Recently, I got contacted by a knitter who wanted advice on how to turn it into...wait for it...a blanket for a king-size bed. (If you need to lie down after reading that, I understand. Take your time; this post will still be here when you get back.)
I myself have a predilection for projects which other knitters may consider insane in their scope, so I definitely wasn't going to discourage her! But I did want to give her a realistic idea of what she was letting herself in for, and I definitely didn't want her to waste scads of time on solutions that would turn out poorly. So I came up with a bunch of information and suggestions for her. I then figured I should share all that here, in case there's anyone else who felt like taking on an absolutely massive project. :)
So here we go: What to think about if you want this pattern as a king-size blanket
Firstly, such a project pits you up against a number of challenges:
- The length-to-width ratio of the pattern as written is 1.65. However, a king-size blanket should be about 90"x108" (source: beddingstyle.com), which is a length-to-width ratio of only 1.2. This is quite different from 1.65.
- Knitting a king-size blanket all in one piece is probably not a great idea. For one thing, with measurements of about 90"x108", you'd need a circular which can handle up to 108" worth of stitches. For another thing, the weight of the blanket as you knit it is going to be pretty crazy, and will only get worse as the blanket gets bigger. (Remember that this is a double knitted blanket, which means it'll be twice as thick and therefore twice as heavy as a regular blanket knitted with the same yarn.)
- You may be thinking that one way of making the blanket bigger is to increase the number of repeats of the centre motif. However, this is unlikely to work well. Why? Because with the pattern as it is now, the math works exactly right with the key pattern on the borders. What I mean by this is: (Warning: math ahead; please feel free to ignore and skip ahead to my recommendation if you are not a math person.)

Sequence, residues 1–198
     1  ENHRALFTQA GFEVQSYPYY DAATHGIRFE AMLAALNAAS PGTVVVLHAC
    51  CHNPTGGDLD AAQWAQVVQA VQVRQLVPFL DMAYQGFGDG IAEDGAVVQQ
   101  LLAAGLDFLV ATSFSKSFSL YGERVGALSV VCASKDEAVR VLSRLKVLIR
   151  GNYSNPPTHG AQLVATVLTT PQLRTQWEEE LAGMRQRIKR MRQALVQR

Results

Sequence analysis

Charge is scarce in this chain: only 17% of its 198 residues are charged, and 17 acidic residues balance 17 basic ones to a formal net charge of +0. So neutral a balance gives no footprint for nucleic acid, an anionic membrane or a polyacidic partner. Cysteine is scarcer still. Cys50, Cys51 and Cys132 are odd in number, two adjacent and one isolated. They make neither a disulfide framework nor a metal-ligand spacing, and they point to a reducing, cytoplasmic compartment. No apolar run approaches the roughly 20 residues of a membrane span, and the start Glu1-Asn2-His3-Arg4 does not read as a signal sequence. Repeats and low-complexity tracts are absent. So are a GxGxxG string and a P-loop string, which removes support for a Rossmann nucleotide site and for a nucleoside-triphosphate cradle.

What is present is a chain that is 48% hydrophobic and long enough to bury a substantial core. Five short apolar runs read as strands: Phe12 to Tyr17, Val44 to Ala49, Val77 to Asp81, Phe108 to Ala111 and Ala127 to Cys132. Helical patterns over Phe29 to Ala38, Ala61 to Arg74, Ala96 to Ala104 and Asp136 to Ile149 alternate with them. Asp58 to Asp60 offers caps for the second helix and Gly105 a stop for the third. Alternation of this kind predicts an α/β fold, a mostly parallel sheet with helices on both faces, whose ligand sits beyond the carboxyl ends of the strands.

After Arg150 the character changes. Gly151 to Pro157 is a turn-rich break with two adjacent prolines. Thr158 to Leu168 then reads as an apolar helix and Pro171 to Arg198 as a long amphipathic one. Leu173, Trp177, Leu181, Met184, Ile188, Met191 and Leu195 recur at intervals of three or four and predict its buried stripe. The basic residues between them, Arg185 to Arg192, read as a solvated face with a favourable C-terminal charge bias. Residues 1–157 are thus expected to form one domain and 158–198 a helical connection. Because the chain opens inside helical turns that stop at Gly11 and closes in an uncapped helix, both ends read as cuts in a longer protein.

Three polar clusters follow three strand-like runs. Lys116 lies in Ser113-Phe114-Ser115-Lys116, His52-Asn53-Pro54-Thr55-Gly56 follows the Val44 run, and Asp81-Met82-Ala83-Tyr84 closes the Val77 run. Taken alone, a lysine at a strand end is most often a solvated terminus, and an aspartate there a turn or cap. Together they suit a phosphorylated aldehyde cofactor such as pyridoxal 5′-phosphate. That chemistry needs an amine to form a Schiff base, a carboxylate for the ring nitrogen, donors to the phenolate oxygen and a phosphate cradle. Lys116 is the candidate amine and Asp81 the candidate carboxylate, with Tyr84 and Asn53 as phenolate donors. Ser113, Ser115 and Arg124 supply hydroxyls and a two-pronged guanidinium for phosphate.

- Centre pattern count: repeat-of-72 + 11
- Border pattern count: repeat-of-30 + 5
- As the blanket is written, you do two repeats of 72 for the centre pattern, both widthwise and lengthwise.
- Therefore, the entire centre section is 155x155 (because 11 + 72x2 = 155)
- This perfectly matches with the border, because (remembering that the border pattern count is repeat-of-30 + 5) 155 minus 5 is evenly divisible by a 30-stitch (or 30-row) repeat.
The only number of repeats of the centre motif which are going to work is repeat-of-5 + 2 (i.e. 2, 7, 12, 17, etc.). And even expanding it to just 7 repeats instead of 2 is going to wildly increase the number of stitches in each row - instead of 482, you’ll have 1202.
Given all of the above facts:
- Simply using thicker yarn and needles won't work, because you'll still be stuck with a 1.65 length-to-width ratio, which won't work for a king-size blanket.
- Increasing the number of repeats of the centre motif isn't really practical either.
- Knitting the blanket all in one piece isn't the sanest way to go anyway.
- Use 3.75mm needles instead of 4mms.
- Make the blanket six times.
- Sew the six blankets together.
This works best (in my opinion) because:
- Using 3.75mm needles will probably reduce each blanket from 35”x58” to about 32.8”x54.4”.
- You can then sew the six blankets together so that you have about 108.8” in one direction (54.4” x 2) and about 98.4” in another direction (32.8” x 3).
- 98.4”x108.8” is very close to 90”x108”.
- No need to make the blanket all in one piece.
It’s not going to look exactly the same as having a single border surrounding a centre motif, but I think it’s the best bet.
Hope this helps!